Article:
I completely understand what you are going through. The same thing happened with my 8 year old son. He too was doing TKD. In the beginning he really enjoyed it. Then soccer season started and it was too much with soccer practice and TKD 2-3 times a week. My son started crying one day because he was stressed out and did not want to go to TKD . At that point I told him we would take a break from TKD until soccer season was over. When the soccer season ended he had lost interest in TKD (actually he probably had lost interest before that but soccer was a good excuse for him not to go anymore). He was a gold belt senior. I too do not want to promote a quitter mentality. However, it does not make sense for you to continue to pay money for something that is making him miserable. As fas as the equipment goes, you can probably sell it and at least recoup some of the expense, especially since it has not been used yet. Your son only has one chance to be a kid. Let him participate in something that he enjoys whether it is bowling or basket weaving. You, your husband and your son will be happier for it. Good luck!
E.M. answers from Detroit on September 16, 2009
I remember as a little girl my parents making me stay in track even though I hated it. I just joined to be with friends. I was okay at it. Well needless to say I made up every excuse not to run, it seemed a waste. I was also doing a million other activities and I think I was just burnt out.
I still tell my husband how much I resented the fact that they made me stay in it - no lesson learned.
H.B. answers from Grand Rapids on September 15, 2009
i agree with your husband....although, i think 7 is too young for martial arts. if he is going to quit, it should be at the end of the lesson, not in the middle when there is work to be done. Lessons look easy before the work starts. You want to teach him the lesson, if it gets hard quit, your husband wants to teach him the lesson, if it gets hard, work through it....who does he have to fight at 7? why would you put him in such a lesson to begin with?
M.C. answers from Saginaw on September 16, 2009
J., here are my thoughts after reading about your situation. Your son may be emotional about this due to feeling to much pressure to succeed. Even when we don't apply this pressure, they can apply it to themselves. He has won in the past, and has a test & a tournament. He may be very frightened of not "winning" again and disappointing himself and his parents. Added to it is the pressure of "if I quit, dad (and likely the Master) will be disappointed" and he also likely realizes the money that was spent & feels guilty about that as well. I agree that this can be a learning experience...but I don't think it has to do with "vegging". If you can help him understand that the pressure he feels is normal because he wants to do well...and that no one will stop loving him or be mad at him if he doesn't "win"....he may feel some relief from the pressure and be able to enjoy an activity that he has done very well with. Best wishes. M.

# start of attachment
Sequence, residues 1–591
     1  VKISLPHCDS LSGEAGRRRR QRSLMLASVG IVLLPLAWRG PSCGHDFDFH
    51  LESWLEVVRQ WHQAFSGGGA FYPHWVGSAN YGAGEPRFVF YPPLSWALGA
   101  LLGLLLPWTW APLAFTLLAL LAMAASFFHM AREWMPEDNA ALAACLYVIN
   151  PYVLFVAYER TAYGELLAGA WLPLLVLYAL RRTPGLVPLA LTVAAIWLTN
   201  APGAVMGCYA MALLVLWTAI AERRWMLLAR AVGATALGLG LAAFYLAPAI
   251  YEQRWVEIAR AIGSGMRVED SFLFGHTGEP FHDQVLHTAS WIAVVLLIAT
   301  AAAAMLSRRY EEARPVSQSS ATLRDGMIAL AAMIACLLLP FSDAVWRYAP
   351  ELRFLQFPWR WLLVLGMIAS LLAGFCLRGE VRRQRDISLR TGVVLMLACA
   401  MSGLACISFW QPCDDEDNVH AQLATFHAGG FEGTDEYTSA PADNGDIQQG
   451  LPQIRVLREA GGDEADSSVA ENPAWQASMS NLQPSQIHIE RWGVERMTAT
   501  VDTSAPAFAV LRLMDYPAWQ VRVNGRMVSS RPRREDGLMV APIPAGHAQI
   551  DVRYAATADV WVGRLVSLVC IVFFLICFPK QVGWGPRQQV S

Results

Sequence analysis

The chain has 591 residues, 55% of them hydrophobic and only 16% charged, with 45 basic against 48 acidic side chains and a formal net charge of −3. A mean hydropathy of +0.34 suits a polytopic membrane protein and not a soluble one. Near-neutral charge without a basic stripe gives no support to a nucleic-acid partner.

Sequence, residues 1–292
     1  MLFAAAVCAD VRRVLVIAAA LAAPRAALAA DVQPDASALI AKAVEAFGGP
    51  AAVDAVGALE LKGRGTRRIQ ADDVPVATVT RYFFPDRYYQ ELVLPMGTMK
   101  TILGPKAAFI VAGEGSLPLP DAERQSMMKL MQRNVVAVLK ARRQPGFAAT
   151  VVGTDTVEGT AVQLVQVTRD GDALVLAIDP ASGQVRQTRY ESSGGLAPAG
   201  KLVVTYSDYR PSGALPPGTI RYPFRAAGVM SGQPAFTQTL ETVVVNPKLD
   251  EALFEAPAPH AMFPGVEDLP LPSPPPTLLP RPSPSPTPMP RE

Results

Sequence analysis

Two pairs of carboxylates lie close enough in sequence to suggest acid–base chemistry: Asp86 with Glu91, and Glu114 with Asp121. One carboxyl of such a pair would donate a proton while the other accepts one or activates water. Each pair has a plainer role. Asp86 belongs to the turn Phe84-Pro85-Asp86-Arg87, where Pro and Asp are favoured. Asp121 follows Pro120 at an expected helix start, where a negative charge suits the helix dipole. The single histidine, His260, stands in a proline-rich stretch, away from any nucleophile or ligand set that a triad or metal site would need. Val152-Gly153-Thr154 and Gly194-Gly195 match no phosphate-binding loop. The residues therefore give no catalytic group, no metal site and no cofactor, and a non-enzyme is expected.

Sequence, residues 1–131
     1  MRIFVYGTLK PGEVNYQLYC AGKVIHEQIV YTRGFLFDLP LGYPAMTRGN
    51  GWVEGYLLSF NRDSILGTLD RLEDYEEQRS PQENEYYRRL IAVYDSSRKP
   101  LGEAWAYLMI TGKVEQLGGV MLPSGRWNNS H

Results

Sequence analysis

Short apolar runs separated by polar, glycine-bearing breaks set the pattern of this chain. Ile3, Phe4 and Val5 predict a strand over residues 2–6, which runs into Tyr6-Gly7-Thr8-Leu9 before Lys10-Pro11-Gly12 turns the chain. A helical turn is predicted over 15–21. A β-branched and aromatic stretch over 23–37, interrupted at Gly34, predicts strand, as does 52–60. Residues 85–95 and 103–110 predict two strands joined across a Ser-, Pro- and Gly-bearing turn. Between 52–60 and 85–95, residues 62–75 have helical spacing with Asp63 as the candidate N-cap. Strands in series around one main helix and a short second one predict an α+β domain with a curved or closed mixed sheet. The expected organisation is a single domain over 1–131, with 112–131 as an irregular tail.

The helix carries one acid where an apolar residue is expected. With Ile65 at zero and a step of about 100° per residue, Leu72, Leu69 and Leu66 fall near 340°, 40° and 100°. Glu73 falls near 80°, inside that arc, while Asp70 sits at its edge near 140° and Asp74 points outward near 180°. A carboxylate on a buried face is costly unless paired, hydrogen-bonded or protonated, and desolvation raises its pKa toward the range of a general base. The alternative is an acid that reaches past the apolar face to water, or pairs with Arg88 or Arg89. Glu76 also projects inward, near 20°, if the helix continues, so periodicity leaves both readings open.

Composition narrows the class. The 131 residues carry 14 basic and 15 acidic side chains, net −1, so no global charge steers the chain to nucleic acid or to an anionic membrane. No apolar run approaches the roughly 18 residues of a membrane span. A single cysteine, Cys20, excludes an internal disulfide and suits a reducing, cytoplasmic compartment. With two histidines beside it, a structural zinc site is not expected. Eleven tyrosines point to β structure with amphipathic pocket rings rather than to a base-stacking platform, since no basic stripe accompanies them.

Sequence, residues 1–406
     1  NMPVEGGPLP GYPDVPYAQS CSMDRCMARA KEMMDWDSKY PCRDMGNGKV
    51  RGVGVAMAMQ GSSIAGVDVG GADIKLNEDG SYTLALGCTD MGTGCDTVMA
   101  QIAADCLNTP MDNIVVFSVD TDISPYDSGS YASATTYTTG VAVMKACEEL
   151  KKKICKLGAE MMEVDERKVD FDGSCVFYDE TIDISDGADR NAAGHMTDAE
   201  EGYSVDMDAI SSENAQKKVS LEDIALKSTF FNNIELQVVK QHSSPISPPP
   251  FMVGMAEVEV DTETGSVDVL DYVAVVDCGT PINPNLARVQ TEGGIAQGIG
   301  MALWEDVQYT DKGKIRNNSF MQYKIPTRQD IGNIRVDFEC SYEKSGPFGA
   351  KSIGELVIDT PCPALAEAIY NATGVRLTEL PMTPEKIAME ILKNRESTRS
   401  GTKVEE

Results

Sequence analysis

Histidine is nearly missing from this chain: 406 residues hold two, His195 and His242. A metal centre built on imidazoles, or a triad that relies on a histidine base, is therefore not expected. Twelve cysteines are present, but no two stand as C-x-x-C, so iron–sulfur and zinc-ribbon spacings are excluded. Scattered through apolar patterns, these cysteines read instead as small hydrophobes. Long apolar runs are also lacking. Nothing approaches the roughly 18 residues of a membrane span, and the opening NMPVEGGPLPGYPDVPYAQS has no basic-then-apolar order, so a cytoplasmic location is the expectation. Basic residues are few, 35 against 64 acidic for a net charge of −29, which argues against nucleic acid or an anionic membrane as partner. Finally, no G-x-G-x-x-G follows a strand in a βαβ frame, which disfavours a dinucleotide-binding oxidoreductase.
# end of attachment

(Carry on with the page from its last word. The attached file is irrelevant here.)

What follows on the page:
C.V. answers from Grand Rapids on September 16, 2009
It's funny because we are going through the EXACT same thing. My son is 6 and in Taekwondo. He too has his yellow belt and hasn't wanted to go for the past 2 weeks. Did this start happening after school started? With my son it's his first year of all day schooling and I think it's just to much for him right now. Last class I picked him up from school and then zoomed home for 20 minutes to give him a snack and back in the car we went. When we got to TKD he was half asleep in the van. Of course his class was not great because he was too tired. So I think that we are going to take him out for 1 month so he can adjust to school and then try again. I'm not worried about him thinking it is ok to quit something because he liked it for the past 2 years but now it's just to much. Not to mention maybe your son wants to try something new. If your son is excited about trying something new (not just sitting at home in front of the tv) then why not. Maybe he'll try something else out and realize how much he misses TKD. Good luck.
K.S. answers from Detroit on September 16, 2009
My son is almost a black belt in Tang Soo Do, so I understand. Usually when school starts we take a week off to get back into the routine of school and homework then see which days his classes fit into best (he is at a big school so there are classes 6 days). Your son just might need a bit of a break to process all the changes that have come with starting school. I know my son would miss all the friends that he has made at his karate school so that might be another incentive for him to stay if you remind him of that.